I think it just overall made me a happier person. They made me incredibly grateful – really made me realise my privilege even more. Everyone goes through hard times, but I'm really lucky, you know. I talk to my parents all the time about what their lives were like. We’re lucky enough now to be financially stable. But when they were younger, they were both from below poverty line families. And as soon as my dad left home, he was homeless for quite a while. He went hitchhiking, lived in a cave for a while, he did everything. So it was really interesting to learn about my parents, and then go into this thinking how homelessness can affect anyone at any time.


Obviously, it also taught me a lot, acting-wise. As someone who's constantly learning to act, and to dance, and learning new ways to go about those things, it was really helpful. Especially because there were professional actors in the room as well, who have been to drama school, you know. And musically. Because we used to sing every day, my voice got really strong. I was like, ‘Oh, my God, I can hit the high notes.’ I was yelling my lungs out at home, because I was just enjoying it so much.


It was important for me to carry on doing what I love and not lose hope in it. And to be told that I am good at what I do. That I have a shot. I want a career in acting, performing, dancing, movement – in the arts, really. When you're at school, people will tell you're good, but that's at school, so you never really know if that's true or not. And then I did a show for the National Youth Dance Company of Great Britain. That was also amazing. But you don't get any words of affirmation. Depending on who the director is, they can be quite harsh. So, you never really know if you're any good or not. But when we came here, it was just really good constructive feedback. You know, positivity makes you work better.


I remember the first night, everyone was very, very nervous. There were mostly Hidden Spire people there, but in a way, that was big pressure because they’re letting us put the show on, you know, we've got to prove that it's good. But as soon as you do your first scene, you're away. You're in it, you're enjoying it, you don't care anymore. Your mind is just in the zone. And then each performance we did got better and better. Everyone got more and more into their characters, because when you're on stage, you naturally just find more things to do. And then I remember the last night came, and I was really enjoying the day, but I was also dreading for it to end. Because I knew this would be it. I'm not going to see these people for a while.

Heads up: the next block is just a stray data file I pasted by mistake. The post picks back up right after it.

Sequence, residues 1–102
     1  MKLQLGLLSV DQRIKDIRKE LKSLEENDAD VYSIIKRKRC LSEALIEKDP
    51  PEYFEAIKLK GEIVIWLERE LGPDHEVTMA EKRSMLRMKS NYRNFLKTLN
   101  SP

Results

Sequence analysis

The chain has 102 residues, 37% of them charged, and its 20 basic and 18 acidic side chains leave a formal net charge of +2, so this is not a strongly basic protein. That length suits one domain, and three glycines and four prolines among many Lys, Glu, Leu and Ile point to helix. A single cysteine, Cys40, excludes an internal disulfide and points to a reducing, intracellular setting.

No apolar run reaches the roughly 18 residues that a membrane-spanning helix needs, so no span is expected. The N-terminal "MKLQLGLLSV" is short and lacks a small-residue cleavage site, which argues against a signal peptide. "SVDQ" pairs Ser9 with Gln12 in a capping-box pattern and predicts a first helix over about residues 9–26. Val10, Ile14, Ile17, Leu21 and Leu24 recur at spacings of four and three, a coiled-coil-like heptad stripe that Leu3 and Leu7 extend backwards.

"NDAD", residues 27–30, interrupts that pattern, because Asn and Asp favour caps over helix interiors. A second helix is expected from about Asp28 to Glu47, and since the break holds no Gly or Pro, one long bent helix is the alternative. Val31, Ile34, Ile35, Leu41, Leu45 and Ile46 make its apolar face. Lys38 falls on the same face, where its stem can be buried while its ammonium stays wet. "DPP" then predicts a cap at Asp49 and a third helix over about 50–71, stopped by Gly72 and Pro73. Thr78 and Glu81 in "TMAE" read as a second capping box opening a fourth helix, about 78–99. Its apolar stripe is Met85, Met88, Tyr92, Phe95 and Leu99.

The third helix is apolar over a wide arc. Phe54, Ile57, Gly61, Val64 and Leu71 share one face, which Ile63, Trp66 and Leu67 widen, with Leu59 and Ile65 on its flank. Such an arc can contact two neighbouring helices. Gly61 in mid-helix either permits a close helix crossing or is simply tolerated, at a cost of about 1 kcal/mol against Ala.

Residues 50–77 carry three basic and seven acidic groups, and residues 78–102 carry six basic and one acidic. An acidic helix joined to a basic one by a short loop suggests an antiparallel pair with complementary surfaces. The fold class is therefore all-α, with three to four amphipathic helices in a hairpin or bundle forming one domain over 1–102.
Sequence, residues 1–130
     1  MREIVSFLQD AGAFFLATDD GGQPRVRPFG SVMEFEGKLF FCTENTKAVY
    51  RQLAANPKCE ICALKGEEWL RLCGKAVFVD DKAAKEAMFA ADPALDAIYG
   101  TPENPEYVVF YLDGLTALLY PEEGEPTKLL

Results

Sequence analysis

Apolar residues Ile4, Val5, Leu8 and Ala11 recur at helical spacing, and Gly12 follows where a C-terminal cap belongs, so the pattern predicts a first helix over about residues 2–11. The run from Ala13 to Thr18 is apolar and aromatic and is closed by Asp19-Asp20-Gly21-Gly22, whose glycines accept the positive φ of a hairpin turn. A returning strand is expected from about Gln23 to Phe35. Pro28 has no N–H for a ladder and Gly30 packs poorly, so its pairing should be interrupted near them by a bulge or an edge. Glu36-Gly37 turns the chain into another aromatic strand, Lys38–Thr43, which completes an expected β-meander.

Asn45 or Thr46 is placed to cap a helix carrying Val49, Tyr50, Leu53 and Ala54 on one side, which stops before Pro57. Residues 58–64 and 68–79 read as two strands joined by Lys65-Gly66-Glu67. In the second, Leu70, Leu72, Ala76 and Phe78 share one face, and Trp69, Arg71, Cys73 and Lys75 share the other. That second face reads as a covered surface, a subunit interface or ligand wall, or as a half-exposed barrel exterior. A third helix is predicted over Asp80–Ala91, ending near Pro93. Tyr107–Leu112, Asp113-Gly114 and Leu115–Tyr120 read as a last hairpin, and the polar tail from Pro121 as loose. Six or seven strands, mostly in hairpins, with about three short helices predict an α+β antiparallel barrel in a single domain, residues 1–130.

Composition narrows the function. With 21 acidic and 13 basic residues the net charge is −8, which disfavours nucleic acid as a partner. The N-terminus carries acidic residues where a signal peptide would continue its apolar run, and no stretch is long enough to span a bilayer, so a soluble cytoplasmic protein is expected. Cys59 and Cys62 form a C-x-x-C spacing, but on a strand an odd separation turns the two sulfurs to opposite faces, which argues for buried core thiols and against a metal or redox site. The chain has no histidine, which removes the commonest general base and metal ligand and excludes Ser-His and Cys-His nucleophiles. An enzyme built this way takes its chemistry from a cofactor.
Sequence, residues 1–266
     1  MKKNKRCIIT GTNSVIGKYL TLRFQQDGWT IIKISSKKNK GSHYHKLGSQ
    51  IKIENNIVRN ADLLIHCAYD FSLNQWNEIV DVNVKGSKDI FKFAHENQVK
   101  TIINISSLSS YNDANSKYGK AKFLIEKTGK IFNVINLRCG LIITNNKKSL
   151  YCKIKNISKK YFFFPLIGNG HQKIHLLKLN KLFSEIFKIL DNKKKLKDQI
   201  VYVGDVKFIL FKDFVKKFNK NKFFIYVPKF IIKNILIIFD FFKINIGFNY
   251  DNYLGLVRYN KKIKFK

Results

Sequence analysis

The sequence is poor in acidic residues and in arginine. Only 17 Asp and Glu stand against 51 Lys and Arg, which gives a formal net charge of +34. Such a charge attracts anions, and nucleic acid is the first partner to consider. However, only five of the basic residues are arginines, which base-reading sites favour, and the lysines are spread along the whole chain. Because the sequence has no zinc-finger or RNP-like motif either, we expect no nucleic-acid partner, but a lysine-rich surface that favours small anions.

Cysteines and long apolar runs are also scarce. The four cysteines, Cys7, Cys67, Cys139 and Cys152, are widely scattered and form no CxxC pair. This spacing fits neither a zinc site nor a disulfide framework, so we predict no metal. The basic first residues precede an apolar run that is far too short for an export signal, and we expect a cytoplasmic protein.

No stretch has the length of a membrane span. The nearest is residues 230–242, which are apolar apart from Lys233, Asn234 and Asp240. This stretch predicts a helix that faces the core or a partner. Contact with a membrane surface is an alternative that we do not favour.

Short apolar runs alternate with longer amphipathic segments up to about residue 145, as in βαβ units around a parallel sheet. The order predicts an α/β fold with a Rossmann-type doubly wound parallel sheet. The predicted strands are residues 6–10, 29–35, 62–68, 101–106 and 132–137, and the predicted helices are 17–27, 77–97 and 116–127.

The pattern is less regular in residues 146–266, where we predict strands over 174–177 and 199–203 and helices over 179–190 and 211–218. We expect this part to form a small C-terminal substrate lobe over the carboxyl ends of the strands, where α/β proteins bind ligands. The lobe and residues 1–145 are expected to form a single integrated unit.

But it went really well. And we sang the last song over and over again, the audience was dancing with us, and it was just so…it was a really happy moment. I’d do it again and again, and again and again and again. It was possibly the best thing I've ever done. It was kinda like the dream. I really wanted to put something I'm really passionate about, and then something I really enjoy together. I was like, ‘Oh my God, this exists.’


You know how sometimes everything just clicks together, just randomly, coincidentally? It was like one of those things. I really needed it. These people really needed it, whether they were ex members, members, people who were volunteers, professionals, everyone needed it. Because this was the first show that we'd all done after Covid. And I think the people who came to watch, they needed it. They need a show. People need something that's gonna make them feel something, whether it’s laughter or sadness. All the tiny things clicked into place. It was like a thousand-piece jigsaw. I'm one of the pieces, all the cast are one of the pieces, all the artistic team, all the people who had written things in the workshops. The lighting people. They were all little pieces. Everyone was just a piece in this huge jigsaw to put it all together. And then it worked spectacularly.